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The oil-and-gas industry depends heavily on helicopter operators to provide the diverse logistical support required to help sustain its work. From overland pipeline surveys, to freight transport, and the all-important crew change flights that shuttle workers between the mainland and offshore platforms (some more than 200 miles from the coast), the Gulf Coast helicopter fleet completes hundreds of individual flights each day. While most operators fly from dawn to dusk, there are a few that fly around the clock, providing the oil-and-gas industry with life-saving helicopter search-and-rescue (SAR) and medevac capabilities.
The mid-sized aircraft in Era’s GoM fleet are the Finmeccanica AW139; the Sikorsky S-76C++; and the Bell 212. These medium twin-engine machines are engineered for speed and performance, and they excel in short- to medium-distance offshore missions for up to 12 passengers. The AW139 is also the aircraft of choice for Era’s successful offshore SAR program. Utilizing two aircraft and a third as a backup, the program supports the offshore oil-and-gas industry and is closing in on its 1,000th mission.
Era’s heavy lifting has long been the sole responsibility of the Airbus Helicopters H225 Super Puma. This mighty twin-engine aircraft has proven itself as a reliable long-range hauler capable of moving up to 19 passengers or cargo to the most distant deepwater platforms. But while the H225 is highly regarded as a reliable and capable performer, Era is always considering ways to improve the fleet and provide diversification and more efficient and cost-effective solutions for its customers. The company’s recent introduction of two new models at the heavier end of the spectrum — the Sikorsky S-92 and Finmeccanica AW189 — is intended to do just that.
The S-92s entered service with Era in October 2015. Similar to the H225, the S-92 can accommodate up to 19 passengers, and with the S-92’s gross weight expansion (GWE) applied, the aircraft’s maximum takeoff weight is boosted from 26,500 to 27,700 pounds (from 12,020 to 12,565 kilograms). The H225 and S-92 will share responsibilities for the furthest missions to deepwater platforms that could extend beyond 200 miles. A total of four S-92s have been ordered to complement Era’s fleet with an option to purchase two additional aircraft.
Launching the AW189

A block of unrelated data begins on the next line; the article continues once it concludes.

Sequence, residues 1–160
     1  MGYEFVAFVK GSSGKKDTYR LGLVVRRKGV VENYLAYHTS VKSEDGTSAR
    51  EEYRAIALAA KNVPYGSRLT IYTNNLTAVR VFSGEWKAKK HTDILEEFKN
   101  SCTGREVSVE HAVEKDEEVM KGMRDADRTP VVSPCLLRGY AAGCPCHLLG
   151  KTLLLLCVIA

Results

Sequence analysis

Era accepted its first two AW189s in December 2015. The first began revenue operations in February of this year, making Era the AW189 U.S. launch customer. These big brothers to the popular AW139 are configured for 16 passengers and with increased gross weight (IGW) applied, have a maximum takeoff weight of 18,959 pounds (8,600 kilograms). Era expects the AW189 to be highly utilized within 160 miles of the coast.
“The AMMCs are the central management computers for the entire aircraft,” said Carter. “This gives us the additional safety margin so we know everything is operating as it should be.”
While ease of operation was clearly a major focus in the aircraft’s design, crew and passenger comfort was not overlooked. Crew seats incorporate an adjustable lumbar support system, which certainly makes a difference for pilots during those long days in the cockpit. Carter said that passengers appreciate the space in the AW189’s cabin; while featuring the same number of seats across the width of its cabin (four) as the AW139, it’s 12 inches wider, so each passenger enjoys a bit more shoulder room.
So how is it to fly the AW189? “The AW139 outperforms any other aircraft on the market, and the AW189 is no different,” said Carter. “It has an excellent power to weight ratio, and with the new GE [CT7-2E1] engines, the fuel consumption has come down to levels comparable to the AW139, but still provides the power to carry the extra 3,000-plus pounds more than the AW139. The lower fuel consumption also allows us to carry larger loads further offshore and the OEI [one engine inoperative] performance of the AW189 adds that added safety margin that Era and our customers are looking for.”
Of Era’s 12 bases serving the GoM, the Houma, Louisiana, “super base” stands as Era’s crown jewel. In June 2015, after a two-year, $22 million renovation and the construction of a massive new hangar, Era celebrated the opening of the 35-acre base with a gala ribbon cutting.